My car dives headlights first down a shadow-choked road into a tunnel of tangled treetops, slipping into near blackness at the precise moment the sun dips behind the horizon. The high beams carve a modest notch out of the darkness, but I might as well be hurdling through the cold vacuum of space like some doomed astronaut, having arrived at that dark, desolate corner of the California Galaxy known as “The Middle of Nowhere.”
An hour later, I’m sitting in the kitchen of a ranch house at the end of a dirt road with no name, marked only by a crudely painted wooden sign that says “Fresh Eggs: $14/dozen.” My host, a retired philosophy professor from Australia who prefers to remain anonymous, warns me off purchasing any, as if I need convincing at more than $1 an egg.
A childhood accident left the professor completely paralyzed below the waist and partially paralyzed from the neck down. He’s used cannabis to manage pain and depression since his late teens and started growing his own medicine roughly 40 years ago. I first met him five years back when a mutual friend recruited me as a trimmer for an especially bountiful harvest. I guess I did a good enough job to get invited back.
The house is filled with ingenious devices designed by the professor to maximize his independence. His water pipe has a small metal bowl and drop stem set into an ergonomic, hard plastic canteen, which is fitted with a large valve to work the carb and a length of flexible rubber tubing for a mouth piece.
It’s a quality of life saving device that lets him smoke with one hand, but it’s also a badass MacGyver bong, so I use it with him every time I visit. Soon the mellow flavor profile and calming buzz of last season’s Blue Dream is washing away the stress of my multi-hour journey like sidewalk chalk vanishing in the rain.
But I haven’t driven all this way just to get high with the professor and check out his current crop – a stunningly lush and productive mix of Blue Dream and UK Cheese – with both strains bursting out well past the boundaries of a chain-link metal cage meant to deter thieves and grazing wildlife.
I’m here to speak with Shun Kirishima, a journalist with Playboy Japan writing a five-part series on cannabis around the world. Part one focuses on the United States, hence his presence in California. When I heard about his visit, I jumped at the opportunity to help out a fellow journalist.
Shun studied at UC Berkeley and although he can speak English, he’s clearly more comfortable reporting in Japanese. Thankfully, my good friend, Japanese cannabis expert J. Eric Yingling, whose translation of Jack Herer’s seminal legalization polemic “The Emperor Wears No Clothes” recently saw publication, is on hand to interpret for Shun and I.
Many of Shun’s questions are geared towards Eric and while the two are chatting animatedly in Japanese, I’m finishing a blunt roach from my trip and unpacking some samples of shatter and rosin I’ve brought with me, along with a small dab rig, torch and assorted paraphernalia.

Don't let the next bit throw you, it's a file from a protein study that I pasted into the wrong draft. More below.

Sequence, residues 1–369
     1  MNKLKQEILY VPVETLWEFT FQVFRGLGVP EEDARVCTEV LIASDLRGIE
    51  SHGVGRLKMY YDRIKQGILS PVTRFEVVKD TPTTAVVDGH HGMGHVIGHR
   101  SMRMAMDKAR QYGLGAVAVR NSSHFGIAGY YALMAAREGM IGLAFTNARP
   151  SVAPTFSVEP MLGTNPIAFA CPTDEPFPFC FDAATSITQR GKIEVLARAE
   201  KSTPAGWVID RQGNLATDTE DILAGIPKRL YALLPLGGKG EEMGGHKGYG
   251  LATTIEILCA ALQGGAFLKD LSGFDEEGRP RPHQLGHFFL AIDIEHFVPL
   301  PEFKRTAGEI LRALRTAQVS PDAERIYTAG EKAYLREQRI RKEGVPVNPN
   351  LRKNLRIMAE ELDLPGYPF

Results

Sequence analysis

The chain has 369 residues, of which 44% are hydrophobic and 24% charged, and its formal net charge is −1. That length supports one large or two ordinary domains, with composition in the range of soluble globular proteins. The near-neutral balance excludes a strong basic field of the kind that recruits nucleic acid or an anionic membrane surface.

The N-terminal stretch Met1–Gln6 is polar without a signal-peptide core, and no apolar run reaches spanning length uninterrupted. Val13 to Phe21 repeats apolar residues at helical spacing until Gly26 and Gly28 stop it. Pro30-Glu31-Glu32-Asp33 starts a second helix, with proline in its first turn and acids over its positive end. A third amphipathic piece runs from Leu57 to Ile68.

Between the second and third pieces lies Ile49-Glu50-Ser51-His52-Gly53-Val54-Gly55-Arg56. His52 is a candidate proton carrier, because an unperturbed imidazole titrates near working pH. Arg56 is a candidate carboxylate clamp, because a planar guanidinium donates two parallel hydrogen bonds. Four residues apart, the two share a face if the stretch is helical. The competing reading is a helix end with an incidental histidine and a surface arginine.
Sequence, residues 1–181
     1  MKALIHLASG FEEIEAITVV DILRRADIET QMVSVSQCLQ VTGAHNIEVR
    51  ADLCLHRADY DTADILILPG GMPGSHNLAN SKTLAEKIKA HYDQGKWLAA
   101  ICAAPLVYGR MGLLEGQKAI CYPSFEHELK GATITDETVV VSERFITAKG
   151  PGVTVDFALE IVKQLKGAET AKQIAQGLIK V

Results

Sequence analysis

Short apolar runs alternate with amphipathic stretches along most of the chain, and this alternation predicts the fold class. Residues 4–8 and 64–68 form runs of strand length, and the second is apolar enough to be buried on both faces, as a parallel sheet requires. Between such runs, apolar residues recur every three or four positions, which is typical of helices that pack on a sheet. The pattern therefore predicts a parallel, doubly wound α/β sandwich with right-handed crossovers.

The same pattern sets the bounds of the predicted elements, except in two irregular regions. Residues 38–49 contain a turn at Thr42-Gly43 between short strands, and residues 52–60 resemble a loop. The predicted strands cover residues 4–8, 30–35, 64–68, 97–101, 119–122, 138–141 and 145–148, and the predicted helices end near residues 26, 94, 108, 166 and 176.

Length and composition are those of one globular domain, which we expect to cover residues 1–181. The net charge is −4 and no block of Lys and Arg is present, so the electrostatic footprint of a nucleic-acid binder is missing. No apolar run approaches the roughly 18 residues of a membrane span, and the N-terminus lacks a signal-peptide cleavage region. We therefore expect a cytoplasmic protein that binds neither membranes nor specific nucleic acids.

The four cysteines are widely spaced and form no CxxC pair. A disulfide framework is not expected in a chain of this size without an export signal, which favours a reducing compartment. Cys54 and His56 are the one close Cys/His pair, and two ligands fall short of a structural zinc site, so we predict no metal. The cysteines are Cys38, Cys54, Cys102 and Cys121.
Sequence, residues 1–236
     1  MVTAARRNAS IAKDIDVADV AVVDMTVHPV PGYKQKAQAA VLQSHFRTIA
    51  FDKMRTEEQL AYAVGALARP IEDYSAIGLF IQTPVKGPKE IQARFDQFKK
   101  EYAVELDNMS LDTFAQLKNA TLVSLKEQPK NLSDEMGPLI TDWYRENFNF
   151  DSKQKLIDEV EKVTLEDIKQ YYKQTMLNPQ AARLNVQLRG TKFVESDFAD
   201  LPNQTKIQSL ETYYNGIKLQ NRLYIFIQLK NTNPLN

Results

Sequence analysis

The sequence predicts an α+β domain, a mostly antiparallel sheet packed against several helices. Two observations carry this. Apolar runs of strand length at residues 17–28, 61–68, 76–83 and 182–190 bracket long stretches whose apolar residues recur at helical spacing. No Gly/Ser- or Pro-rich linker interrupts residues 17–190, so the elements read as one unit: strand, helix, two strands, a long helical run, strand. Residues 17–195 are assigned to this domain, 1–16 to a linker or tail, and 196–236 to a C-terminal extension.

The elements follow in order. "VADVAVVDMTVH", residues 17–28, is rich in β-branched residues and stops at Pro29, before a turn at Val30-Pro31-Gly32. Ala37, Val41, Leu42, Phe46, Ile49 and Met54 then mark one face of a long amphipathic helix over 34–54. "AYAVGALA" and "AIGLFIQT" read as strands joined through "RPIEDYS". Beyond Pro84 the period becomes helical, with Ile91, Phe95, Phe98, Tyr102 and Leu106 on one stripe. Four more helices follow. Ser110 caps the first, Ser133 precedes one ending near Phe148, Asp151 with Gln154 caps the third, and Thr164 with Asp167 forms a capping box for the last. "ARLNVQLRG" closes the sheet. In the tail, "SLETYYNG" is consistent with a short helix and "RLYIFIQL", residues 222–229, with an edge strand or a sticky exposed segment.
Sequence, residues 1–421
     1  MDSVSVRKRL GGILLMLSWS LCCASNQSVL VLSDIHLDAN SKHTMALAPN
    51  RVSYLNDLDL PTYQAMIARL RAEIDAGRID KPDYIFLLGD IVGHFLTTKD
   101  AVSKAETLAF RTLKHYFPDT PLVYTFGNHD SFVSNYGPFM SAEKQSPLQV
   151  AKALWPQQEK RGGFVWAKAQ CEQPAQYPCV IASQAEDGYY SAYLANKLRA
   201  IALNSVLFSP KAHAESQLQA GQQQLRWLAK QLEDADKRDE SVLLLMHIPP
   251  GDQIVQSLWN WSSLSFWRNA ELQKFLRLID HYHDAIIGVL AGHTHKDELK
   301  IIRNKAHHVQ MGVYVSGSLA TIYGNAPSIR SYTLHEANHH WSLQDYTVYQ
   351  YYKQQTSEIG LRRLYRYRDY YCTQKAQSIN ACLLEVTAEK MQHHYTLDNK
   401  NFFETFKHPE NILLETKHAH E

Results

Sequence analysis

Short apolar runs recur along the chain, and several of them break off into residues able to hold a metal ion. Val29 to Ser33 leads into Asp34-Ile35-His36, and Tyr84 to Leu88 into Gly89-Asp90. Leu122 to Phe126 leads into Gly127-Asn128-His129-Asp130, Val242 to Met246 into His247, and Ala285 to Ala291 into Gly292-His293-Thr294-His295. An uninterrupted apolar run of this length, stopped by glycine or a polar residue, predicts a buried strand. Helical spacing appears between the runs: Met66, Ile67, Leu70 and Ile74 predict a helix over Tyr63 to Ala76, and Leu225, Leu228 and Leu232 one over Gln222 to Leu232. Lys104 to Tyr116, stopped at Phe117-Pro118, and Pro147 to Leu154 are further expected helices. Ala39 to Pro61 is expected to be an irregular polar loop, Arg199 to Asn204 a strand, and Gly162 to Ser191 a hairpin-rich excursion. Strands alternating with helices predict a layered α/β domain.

Shun has never heard of wax or shatter before – nevermind rosin tech. With Eric’s help, I do my best to cram an entire Extracts 101 curriculum into two or three minutes, covering all the key historical, technical and legal angles as thoroughly as relative brevity allows while Shun scribbles furiously into his notepad.
He gestures towards my end of the table and speaks with what sounds like hesitancy. Eric interrupts with a smile, putting his hand up and speaking a few words in Japanese before turning to me, “he wants to know how you smoke it.”
“Tell him I can show him better than I can tell him,” I say.
Eric laughs, “That’s what I told him.”
As Eric narrates what I’m doing for Shun’s benefit, I gather up a few malleable shards of my personal favorite from the samples I’ve brought – a stable, transparent gold shatter that easily snaps or pulls as desired – and work them onto the end of a metal dab tool.
A few moments of heating followed by a few more of waiting and the nail is ready for a demonstration dab, which I inhale with gusto, blowing a dense cloud of terpy vapor across the table.
Tendrils of shatter mist hit Shun’s nostrils and he makes the unmistakable face of a man whose interest has been piqued. I ask if he plans to do his due diligence and try a dab. A few brief volleys of English and Japanese result in an accord: we’ll all smoke some of Professor X’s Blue Dream and then take shatter hits.
As a professional courtesy to a fellow scribbler, I decide not to blow Shun’s brains out with his first dab hit, giving him a small taste of some rosin. Shun clears the hit with little difficulty and blows it out casually like a cigarette puff. He makes a non-commital, unimpressed-critic face but says he likes the taste. Fifteen minutes or so later, in what may be a variation of that strangely common phenomenon of people not getting high the first time they smoke herb, Eric tells me that Shun isn’t really feeling his dab hit.
I realize I’ve slightly underestimated this man, and that his cautious, academic manner belies an above average herbal aptitude. I smile and chide myself silently as I prepare a proper dab from a generous blend of amber rosin and golden shatter.
This time the dab hits its mark squarely and as Shun wordlessly expresses his appreciation through the deep, fitful coughing of the righteous – no translation is required.